Yeast – Are living organisms in the Fungi kingdom that convert sugar to alcohol during fermentation. There are many different strains of yeast that the brewer can use during the brewing process to make the desired style of beer. The primary categories of beer are ales, lagers, and lambics. Ales are known as top-fermenting or warm-fermenting because the yeast forms foam on the surface ferments between ~60 – 70 degrees F. Lagers are known as bottom-fermenting or cool-fermenting because the yeast tends to collect at the bottom of a fermenter ferments at a lower temperature around ~50 degrees F. Lager means to store in cool temperatures in German and does not pertain to fermentation. Lambics are known as spontaneous-fermenting or wild-fermenting because they are exposed to the wild yeast and bacteria and are brewed in Belgium. There are always exceptions with some beers that “blur” the lines on these descriptions, and craft brewers today can use strains of wild yeast for their particular beer. The taste of beer is also affected by the type of yeast used during fermentation.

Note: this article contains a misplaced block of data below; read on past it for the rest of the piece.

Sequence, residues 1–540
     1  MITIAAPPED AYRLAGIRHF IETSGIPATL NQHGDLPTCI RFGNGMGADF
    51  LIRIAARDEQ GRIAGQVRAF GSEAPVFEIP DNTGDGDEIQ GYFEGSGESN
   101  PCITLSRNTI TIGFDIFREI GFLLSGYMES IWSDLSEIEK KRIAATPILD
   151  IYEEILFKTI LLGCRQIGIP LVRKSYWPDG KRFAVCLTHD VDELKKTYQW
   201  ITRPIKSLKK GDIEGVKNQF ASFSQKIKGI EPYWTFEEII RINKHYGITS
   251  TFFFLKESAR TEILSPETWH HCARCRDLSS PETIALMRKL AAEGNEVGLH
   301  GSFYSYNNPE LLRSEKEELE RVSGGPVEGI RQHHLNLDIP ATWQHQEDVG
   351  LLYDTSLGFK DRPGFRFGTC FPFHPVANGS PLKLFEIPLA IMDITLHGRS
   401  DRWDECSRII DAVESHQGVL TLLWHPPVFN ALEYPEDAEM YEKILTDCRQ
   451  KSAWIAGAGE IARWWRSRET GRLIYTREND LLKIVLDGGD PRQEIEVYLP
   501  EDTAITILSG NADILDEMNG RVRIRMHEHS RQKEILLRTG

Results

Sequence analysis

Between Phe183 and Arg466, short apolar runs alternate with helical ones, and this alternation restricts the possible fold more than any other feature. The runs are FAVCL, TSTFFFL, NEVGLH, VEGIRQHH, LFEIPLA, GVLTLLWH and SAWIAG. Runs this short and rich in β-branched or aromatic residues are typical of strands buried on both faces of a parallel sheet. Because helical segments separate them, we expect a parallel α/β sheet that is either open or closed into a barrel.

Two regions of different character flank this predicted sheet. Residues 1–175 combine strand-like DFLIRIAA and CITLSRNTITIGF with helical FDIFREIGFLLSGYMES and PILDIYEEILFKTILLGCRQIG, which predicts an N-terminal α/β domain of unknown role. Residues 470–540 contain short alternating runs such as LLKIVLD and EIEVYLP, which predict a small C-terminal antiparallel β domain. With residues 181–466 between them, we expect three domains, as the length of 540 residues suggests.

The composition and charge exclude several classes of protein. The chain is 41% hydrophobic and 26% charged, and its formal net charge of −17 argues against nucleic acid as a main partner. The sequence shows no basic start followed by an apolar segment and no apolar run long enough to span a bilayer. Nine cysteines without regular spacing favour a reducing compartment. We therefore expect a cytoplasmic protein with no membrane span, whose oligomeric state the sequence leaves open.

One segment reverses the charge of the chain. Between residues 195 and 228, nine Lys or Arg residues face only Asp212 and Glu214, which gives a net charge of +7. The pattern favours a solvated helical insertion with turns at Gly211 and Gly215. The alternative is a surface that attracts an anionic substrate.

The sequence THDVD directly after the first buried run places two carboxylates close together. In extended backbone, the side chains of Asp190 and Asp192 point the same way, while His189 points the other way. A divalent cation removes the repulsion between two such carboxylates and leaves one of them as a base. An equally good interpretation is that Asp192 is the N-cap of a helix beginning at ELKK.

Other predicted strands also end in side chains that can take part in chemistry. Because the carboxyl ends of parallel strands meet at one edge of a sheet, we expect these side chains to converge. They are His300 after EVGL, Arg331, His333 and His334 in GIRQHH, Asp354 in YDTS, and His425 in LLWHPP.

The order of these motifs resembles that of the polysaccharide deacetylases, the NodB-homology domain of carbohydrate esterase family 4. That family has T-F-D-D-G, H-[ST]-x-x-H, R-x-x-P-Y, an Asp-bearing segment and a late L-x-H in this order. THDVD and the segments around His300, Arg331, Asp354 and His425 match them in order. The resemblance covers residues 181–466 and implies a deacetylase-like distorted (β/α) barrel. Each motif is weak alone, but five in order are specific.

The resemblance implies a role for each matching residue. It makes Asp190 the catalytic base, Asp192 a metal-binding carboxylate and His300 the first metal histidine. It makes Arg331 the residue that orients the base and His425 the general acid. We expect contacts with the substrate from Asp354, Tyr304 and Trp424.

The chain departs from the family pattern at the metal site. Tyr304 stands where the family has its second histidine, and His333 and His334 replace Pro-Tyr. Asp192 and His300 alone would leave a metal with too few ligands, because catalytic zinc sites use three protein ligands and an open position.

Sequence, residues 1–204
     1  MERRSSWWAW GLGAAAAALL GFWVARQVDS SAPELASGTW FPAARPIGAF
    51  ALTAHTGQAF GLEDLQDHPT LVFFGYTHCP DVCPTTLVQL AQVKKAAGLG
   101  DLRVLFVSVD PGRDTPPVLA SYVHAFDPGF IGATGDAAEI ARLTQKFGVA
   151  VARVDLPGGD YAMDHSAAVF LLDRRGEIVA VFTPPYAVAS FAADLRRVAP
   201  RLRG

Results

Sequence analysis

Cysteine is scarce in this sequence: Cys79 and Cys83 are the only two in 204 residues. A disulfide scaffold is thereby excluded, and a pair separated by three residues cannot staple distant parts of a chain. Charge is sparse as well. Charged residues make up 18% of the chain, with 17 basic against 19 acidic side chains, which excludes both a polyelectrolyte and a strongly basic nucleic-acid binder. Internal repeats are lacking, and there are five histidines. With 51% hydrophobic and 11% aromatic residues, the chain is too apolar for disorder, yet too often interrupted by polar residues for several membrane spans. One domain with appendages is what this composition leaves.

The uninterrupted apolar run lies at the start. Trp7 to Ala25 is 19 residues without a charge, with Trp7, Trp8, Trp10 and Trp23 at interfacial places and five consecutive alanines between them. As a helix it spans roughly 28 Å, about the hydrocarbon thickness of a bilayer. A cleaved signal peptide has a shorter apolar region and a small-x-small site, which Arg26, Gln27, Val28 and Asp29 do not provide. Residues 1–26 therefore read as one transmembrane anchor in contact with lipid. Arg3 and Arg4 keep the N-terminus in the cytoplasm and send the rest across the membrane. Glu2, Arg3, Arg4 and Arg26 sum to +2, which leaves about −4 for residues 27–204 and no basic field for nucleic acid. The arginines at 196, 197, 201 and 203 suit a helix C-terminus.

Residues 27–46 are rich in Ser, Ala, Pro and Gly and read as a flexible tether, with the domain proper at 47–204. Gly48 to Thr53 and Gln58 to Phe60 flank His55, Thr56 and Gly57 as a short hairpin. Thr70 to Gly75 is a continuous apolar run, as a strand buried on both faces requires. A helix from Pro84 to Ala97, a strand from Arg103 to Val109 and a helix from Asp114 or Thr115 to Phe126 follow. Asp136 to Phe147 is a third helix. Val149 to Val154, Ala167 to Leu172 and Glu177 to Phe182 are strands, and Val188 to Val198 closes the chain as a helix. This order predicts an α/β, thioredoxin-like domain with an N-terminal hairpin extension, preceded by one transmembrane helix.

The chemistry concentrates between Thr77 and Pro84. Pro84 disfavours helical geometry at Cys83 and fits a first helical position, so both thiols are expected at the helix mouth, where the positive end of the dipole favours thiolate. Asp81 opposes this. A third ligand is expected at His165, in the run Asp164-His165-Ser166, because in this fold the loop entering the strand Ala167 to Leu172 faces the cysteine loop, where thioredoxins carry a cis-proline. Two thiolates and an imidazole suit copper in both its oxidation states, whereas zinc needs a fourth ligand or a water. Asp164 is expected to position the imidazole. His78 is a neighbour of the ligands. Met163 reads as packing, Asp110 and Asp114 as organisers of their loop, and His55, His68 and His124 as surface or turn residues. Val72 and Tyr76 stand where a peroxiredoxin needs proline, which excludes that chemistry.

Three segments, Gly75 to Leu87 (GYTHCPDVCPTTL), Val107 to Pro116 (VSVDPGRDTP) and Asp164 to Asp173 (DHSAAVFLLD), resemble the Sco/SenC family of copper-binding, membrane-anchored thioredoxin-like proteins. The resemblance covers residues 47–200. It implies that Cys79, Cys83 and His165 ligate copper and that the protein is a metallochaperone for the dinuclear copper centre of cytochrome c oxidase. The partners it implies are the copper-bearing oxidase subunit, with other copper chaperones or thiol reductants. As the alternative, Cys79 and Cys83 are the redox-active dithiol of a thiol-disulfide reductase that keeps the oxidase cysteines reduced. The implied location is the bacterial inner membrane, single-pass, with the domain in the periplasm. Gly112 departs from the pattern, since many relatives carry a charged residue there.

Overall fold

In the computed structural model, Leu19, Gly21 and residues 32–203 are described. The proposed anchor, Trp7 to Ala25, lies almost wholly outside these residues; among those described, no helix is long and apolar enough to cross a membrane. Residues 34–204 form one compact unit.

Ale varieties include – Pale Ale, Brown Ale, Scotch Ale, Porter, Stout, Old Ale and Barley Wine, Belgian Trippel and Duppel, Wheat Beer, and others.
Lager varieties include – Lager, Pilzner, Bock, Dunkel, Helles, Oktoberfest / Marzen / Vienna, and others.
Lambic varieties include – Lambic, Gueuze, Mars, Faro, Kriek, and others.